[A14] "City Police," Spirit of the Times, April 9, 1842: A Curious Instance of Masquerading

Reported for the Spirit of the Times.

City Police.

Friday, April 8, 1842.

A Curious Instance of Masquerading.

            Miss Judith McMinn is the name owned by a nice tidy Irish lass, who does the work in a respectable family at the corner of Tenth street and Farnes' Court.  Miss Judith's property lies in two calico frocks, a pair of black eyes, rosy cheeks and lips, two mousseline de laines, a swelling bust, a black silk gown, with an enormous blue red shawl; and it must be confessed that Miss McMinn makes the best use of her property.  She has also two strings to her bow, or two beaux to her string, just as the reader likes; and last night, one of these beaux or strings, in the shape of a Market street clerk, dropped in to see Miss Judith in the kitchen, and it may be as well to observe that they had it all to themselves, for the family had gone out to church, and so on.

After Miss Judith had satiated her eyes with a fond view of Mr. Charles C. Stubb's blue coat, metal buttons, blue check pants and flashy vest, as well as his smooth features, black neckerchief, you must know that she observed a curious thickness in her sweetheart's tongue, as well as a bobbing of the head, and profane winking of the eyes.

"It's slewed he is," she observed to herself, and at that instant Mr. Charles Carlton Stubbs dropped fast asleep, with his legs extended horizontally, his body resting in a fearful slope on the chair, and his hands dropped listlessly by his side, while a curious noise emanated from his nostrils, like the creaking of a rheumatic barn door.

"It's grunting and snorting ye are darlint," said Miss McMinn; "but it's beautiful conduct in a leddy's kitchen, ye nicely dressed piece of corned pork, ye!  Och, I wonther where Dennis O'Donnell is!  Ochone!"

At that instant a step was heard, and the next instant Miss Judith received a smack on the lips—of course—and then a stout built Irishman, with a sunburnt face, and in the coarse roundabout of a hostler, stood before her.  This was the other string to Miss Judith's bow.

He looked at Miss Judy, then at the sleeping Clerk—"Aha, it's nice, we'll fix him off, Judy darlint-Och, be jabers, how the bull-calf snores!"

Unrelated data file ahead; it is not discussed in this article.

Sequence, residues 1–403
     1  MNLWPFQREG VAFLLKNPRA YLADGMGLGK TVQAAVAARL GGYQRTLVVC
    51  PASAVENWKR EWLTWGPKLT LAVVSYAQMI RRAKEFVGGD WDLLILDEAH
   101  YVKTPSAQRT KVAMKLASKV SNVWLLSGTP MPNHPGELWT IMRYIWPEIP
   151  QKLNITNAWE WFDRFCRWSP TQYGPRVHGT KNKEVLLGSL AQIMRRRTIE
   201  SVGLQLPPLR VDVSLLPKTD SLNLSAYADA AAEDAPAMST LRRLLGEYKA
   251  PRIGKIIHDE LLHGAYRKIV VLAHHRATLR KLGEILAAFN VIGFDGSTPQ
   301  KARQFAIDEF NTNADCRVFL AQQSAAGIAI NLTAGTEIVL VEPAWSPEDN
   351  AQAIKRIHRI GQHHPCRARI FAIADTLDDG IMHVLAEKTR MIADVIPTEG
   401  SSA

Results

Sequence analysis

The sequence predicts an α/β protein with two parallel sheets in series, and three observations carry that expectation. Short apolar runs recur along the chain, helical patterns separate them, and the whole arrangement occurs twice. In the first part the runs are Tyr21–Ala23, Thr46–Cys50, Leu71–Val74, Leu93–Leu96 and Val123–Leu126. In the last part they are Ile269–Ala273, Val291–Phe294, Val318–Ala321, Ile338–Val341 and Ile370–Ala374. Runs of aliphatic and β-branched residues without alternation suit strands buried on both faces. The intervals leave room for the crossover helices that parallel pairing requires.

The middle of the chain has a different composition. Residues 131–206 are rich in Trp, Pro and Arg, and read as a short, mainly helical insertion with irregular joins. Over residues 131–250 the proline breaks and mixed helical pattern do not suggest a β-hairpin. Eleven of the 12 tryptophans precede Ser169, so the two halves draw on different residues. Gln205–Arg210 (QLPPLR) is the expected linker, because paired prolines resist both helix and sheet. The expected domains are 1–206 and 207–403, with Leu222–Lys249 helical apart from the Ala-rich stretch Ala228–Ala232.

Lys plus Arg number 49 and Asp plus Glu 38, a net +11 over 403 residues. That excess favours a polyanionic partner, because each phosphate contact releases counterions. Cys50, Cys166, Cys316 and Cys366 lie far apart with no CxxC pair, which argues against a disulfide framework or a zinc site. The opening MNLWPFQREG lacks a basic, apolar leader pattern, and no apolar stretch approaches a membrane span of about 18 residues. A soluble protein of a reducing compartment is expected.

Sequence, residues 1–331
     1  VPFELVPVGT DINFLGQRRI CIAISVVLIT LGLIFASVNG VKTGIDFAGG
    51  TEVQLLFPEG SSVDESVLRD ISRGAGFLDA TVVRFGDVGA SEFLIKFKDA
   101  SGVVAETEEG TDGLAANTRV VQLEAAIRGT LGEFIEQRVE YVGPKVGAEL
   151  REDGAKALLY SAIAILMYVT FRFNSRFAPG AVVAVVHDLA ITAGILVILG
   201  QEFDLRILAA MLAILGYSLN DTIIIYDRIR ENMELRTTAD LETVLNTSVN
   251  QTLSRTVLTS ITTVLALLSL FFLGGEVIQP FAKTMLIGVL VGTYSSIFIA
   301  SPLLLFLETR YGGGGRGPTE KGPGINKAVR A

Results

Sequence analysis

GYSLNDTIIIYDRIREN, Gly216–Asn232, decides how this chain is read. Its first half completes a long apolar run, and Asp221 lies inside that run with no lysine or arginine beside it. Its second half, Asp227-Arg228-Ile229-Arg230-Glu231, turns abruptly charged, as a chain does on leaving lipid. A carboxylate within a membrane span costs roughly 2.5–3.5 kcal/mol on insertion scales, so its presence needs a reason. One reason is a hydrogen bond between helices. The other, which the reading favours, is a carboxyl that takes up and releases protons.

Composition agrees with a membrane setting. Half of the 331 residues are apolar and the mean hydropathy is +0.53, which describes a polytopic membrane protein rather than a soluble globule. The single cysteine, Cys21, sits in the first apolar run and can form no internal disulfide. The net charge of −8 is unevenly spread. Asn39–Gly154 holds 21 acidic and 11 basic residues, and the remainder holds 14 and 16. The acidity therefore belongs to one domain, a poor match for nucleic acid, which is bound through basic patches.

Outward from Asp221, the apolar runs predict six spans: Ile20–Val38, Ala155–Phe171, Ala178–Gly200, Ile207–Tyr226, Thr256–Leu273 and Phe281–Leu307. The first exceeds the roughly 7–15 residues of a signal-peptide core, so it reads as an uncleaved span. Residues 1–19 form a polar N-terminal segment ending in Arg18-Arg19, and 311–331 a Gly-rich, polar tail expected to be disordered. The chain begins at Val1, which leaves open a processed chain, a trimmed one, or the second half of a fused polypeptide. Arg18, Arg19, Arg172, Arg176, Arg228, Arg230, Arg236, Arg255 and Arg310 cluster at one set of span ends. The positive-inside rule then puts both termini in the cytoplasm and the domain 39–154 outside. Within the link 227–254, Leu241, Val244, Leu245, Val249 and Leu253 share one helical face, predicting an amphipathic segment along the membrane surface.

Then Dennis winked at Miss Judy, some whispering took place, and—

It might have been after the lapse of a quarter of an hour, that a respectably dressed working woman, in an old white leghorn bonnet, and calico frock, with a bucket on her arm and a white-wash brush in her hand, emerged from the gate of the house in which Miss McMinn does the work—and came along Farnes court, toward Tenth street, where a watchman was standing.

"There's old Missus Hubbs, that goes out white-washing," he exclaimed.  "It's a fine night Missus Hubbs.  How's business with you?  Eh?  You're out rather late, Missus Hubbs?"

"Who the d—l are yo' talkin' to?" replied the lady waving her white-wash brush, and she slapped her bucket down on the pavement, "Do you want anything?" she continued, squaring off.  "Say the word you sir, say the word."

"Well if that ain't good! You're a purty church going woman, Missus Hubbs! You go to meeting—you talk to me of morality! Pooh! You're drunk, Missus Hubbs!"

"Don't be callin' me Hubbs—I'm—I'm."

"Come pick up your bucket; be off with you!"

"Bucket, indeed!  It's as beautiful a piece of silk westins—I'll give it to you—with the yard stick—(waving brush) ee-cup!"

With that Missus Hubbs made a circuit round the pavement from the corner of the house to the lamp-post.  The watchman seized her, brought her to the lamp, and discovered a—nice young man, with his face streaked with charcoal, and as drunk as a crazy comet, which goes about the air setting clouds on fire, and kicking up a considerable row among the moon folks.

Charles Carlton Stubbs—the victim of Dennis and his sweetheart's cruelty—spent the night in the watch house, paid for the use of "Misses Hubbs'" working dress, which had been left in the kitchen over night by the lady herself—and got off with a reprimand.

Moral.  (Make one for yourself.)

Thomas Turner.  Overgrown boy in a check shirt. Had been begging checks at the door of the Walnut St. Theatre.  Discharged.  Why?  Mayor said the theatres must take care of their own checks, bars, and the consequent blackguardism.

Billy Brier.